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Q&A: Microsoft's Jim Allchin touts Vista, new developer technologies

He also sees RSS moving beyond Web-based feeds

By Carol Sliwa and Heather Havenstein
September 15, 2005 12:00 PM ET

Computerworld - LOS ANGELES -- Jim Allchin, group vice president of platforms at Microsoft Corp., discussed his vision for RSS, workflow and other new technologies with Computerworld at this week's Microsoft Professional Developers Conference. Allchin also said that Windows Vista's appeal to IT professionals will rest largely in Microsoft's "improvements of the basics," which will ultimately help them save money.
Part 1 of the interview follows; Part 2 is also available online (see "Q&A: Microsoft's Jim Allchin touts Vista, new developer technologies").

Jim Allchin, group vice president of platforms at Microsoft Corp.
Jim Allchin, group vice president of platforms at Microsoft Corp.
At this week's conference, Microsoft showed lots of new tools for building consumer-focused applications. In what ways will you be helping corporate developers build better enterprise applications? First, Windows Vista alone with today's current apps will be a system that I think corporations will see great value in. And it's up [to] us to prove that, and we really haven't gone to try to show that yet. But we've invested so much in improvements in the basics, whether it be in the resilience, in the reliability or in the security work that we've done, deployment, servicing, I think all of those improvements alone will offer great value to reduce costs for the IT professional with today's apps.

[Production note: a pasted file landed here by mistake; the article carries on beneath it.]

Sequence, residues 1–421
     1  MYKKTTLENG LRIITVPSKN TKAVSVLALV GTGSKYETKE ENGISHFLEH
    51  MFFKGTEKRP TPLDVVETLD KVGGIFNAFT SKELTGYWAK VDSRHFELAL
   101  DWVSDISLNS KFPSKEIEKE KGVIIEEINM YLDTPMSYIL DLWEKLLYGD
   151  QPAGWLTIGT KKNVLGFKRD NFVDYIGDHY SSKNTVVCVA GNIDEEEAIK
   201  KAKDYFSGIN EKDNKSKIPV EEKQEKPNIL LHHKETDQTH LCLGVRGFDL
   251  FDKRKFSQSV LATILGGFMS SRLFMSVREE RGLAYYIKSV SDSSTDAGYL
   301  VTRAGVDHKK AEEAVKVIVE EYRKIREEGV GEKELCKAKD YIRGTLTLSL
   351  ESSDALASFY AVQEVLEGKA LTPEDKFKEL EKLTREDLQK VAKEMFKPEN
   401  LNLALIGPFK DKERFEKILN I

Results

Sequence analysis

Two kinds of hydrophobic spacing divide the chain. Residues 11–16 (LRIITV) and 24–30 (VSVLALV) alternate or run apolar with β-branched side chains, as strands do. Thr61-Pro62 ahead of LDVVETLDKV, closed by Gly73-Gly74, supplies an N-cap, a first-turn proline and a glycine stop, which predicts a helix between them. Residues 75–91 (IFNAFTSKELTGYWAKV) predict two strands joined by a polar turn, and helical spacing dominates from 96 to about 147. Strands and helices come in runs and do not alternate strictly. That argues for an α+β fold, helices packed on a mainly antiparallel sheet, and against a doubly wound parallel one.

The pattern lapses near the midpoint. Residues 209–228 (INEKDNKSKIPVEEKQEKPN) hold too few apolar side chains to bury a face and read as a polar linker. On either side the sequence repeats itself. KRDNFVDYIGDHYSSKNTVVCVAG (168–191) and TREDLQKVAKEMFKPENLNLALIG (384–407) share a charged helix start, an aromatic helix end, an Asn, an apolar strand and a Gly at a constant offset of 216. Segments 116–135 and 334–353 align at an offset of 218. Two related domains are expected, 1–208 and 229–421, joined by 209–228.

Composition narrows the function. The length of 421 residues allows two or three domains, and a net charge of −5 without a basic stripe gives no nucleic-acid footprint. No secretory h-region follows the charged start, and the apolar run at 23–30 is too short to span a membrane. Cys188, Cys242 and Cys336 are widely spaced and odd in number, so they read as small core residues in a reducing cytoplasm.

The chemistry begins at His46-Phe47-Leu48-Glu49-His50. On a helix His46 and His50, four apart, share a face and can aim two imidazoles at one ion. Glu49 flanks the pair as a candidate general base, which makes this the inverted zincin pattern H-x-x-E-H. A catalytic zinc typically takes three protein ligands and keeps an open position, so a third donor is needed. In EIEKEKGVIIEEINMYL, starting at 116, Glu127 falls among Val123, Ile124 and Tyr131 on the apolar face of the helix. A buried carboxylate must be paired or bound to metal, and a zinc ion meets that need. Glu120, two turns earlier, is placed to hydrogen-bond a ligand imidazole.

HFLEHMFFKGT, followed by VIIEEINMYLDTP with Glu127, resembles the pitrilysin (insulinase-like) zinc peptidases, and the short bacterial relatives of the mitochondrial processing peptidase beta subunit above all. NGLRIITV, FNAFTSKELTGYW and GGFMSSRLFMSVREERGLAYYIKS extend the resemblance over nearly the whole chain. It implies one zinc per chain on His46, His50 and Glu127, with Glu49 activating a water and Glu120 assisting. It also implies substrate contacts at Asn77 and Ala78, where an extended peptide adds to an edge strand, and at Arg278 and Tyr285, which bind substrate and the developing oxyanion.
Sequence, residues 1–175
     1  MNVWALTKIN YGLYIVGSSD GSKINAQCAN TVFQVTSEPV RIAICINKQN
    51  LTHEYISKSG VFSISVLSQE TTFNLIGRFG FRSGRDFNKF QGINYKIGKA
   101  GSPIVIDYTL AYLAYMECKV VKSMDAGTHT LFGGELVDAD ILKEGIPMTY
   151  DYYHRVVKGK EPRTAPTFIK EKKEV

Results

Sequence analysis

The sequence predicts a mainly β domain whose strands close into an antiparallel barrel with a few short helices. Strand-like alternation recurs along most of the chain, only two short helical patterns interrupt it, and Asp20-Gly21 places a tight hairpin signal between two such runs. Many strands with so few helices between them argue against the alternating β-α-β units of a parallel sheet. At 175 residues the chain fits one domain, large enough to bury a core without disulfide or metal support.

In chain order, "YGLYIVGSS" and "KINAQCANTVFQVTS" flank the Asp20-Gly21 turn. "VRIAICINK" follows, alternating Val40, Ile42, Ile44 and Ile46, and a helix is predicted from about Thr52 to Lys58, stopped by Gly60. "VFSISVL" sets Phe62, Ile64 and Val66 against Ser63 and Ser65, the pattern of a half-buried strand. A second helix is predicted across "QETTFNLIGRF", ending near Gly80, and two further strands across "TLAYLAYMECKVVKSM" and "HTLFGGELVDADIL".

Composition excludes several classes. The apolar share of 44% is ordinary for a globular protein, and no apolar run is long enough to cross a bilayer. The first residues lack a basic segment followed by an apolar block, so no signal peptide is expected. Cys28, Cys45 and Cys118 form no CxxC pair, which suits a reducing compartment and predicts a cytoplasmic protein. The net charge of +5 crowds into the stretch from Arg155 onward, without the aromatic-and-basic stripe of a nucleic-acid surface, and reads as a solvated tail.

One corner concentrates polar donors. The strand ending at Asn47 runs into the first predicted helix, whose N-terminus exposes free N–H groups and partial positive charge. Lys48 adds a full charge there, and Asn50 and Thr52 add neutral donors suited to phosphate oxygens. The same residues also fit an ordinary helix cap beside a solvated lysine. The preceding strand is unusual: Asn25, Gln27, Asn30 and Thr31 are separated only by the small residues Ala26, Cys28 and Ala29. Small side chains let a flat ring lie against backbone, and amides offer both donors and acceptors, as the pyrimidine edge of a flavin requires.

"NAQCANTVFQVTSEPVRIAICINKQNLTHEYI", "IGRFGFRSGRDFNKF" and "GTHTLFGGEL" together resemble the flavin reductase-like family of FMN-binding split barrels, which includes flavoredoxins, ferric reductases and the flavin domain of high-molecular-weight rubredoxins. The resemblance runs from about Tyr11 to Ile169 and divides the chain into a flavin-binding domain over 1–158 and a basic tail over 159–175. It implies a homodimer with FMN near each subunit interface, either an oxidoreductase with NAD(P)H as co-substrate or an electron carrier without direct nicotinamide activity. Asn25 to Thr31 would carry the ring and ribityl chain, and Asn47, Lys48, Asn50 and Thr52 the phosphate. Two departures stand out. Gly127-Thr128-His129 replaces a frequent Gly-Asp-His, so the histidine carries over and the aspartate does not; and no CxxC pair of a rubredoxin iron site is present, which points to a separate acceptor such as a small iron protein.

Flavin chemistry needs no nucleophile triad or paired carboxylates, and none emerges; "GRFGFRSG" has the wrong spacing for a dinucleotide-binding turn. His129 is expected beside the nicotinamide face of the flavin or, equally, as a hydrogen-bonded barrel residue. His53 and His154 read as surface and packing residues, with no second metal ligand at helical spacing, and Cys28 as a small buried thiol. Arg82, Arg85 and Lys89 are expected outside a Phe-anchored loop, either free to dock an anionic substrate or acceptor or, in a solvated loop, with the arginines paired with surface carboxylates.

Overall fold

Then if you have a new app, you can do all sorts of cool visualizations that I think will be very appealing to the knowledge workers. There's a saving cost in making it simple for the IT professional, making it more secure, making it faster and then adding new applications for new, richer visualizations, or making things like ad hoc meetings more productive. Those sorts of things will get excitement from the knowledge workers. So most of the work that is going to be applicable to the IT professional community will be in terms of our improvements of the basics -- just engineering excellence and attempting to save money for them.
But will Windows Vista represent a giant leap in the enterprise space, comparable to what you're talking about for the consumer space? I don't remember a release in the last 10 years other than Windows 95 that had something for all the audiences in it. Each of 'em had specific advantages. This one is sort of across the board. When you talk about enterprises, I view enterprises in terms of two buckets. One is helping the IT professional, making their jobs easier and saving money, preventing them from having to worry about more patches and making the performance of what they already have better, reducing the complexity


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